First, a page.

Thursday November 27, 2014
November 6th, 2014
America used to be a country that built for the future. Sometimes the government built directly: Public projects, from the Erie Canal to the Interstate Highway System, provided the backbone for economic growth. Sometimes it provided incentives to the private sector, like land grants to spur railroad construction. Either way, there was broad support for spending that would make us richer.
Seth Moulton, an Iraq veteran and Democratic congressional candidate on Massachusetts' North Shore, has done something with little precedent in political campaigning: He was caught underplaying his war record.
President Obama has always had a thing about hope as an antidote to cynicism.
The speech that made him a national figure, his keynote at the 2004 Democratic National Convention, is best known for his declaration that "there's not a liberal America and a conservative America, there's the United States of America." In light of what's happened since, you want to weep at those words.
As 2016 Democratic presidential frontrunner Hillary Clinton joins her party's push to survive the challenges it faces in the Nov. 4 midterm congressional elections, she is taking a page from the comeback playbook of another one-time presidential loser: Richard Nixon in 1966.
The Institute for Legislative Action of the National Rifle Association (NRA-ILA) gives politicians Defender of Freedom awards. The award, accompanied by a glowing press release, has little to do with freedom; it has everything to do with legislators advancing the NRA agenda.
When Secretary of State John Kerry began his high-energy effort to forge an Israeli-Palestinian peace, I argued that it was the last train for a two-state solution. If it didn't work, it would mean that the top-down, diplomatically constructed two-state concept was over as a way out of that conflict. For Israelis and Palestinians, the next train would be the one coming at them.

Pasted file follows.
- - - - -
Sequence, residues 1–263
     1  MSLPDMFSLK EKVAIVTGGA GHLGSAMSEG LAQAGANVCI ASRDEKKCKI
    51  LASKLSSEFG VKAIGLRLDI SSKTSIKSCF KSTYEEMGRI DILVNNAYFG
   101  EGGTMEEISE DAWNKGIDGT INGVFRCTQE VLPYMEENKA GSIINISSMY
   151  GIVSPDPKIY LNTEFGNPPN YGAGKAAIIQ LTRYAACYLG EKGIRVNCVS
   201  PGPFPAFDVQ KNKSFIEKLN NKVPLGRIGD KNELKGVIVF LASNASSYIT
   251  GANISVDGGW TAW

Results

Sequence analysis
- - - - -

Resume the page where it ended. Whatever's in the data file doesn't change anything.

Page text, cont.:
Well, now arriving on Track 1 ...
Justice Anthony Kennedy doesn't strike me as the kind of guy I'd want to share a beer and a brat with, or be stuck next to on a long flight. But I would like for the most influential swing voter on the Supreme Court to step away from his legal aerie, and wade through some of the muck that he and four fellow justices have given us with the 2014 campaign.
A lot of people have been complaining about our Ebola panic. Turn on cable news, and you find people frantically asking if you can get it from a bowling ball (nope) and whether the virus is notably, magically different now that it has touched American soil (also no).
The best escalator to opportunity in America is education. But a new study underscores that the escalator is broken.
We expect each generation to do better, but, currently, more young American men have less education (29 percent) than their parents than have more education (20 percent).
I'm always thinking back to that lunch in Kennebunkport, because I saw it all there: what drove George W. Bush toward the presidency; what shaped so many of his decisions in office.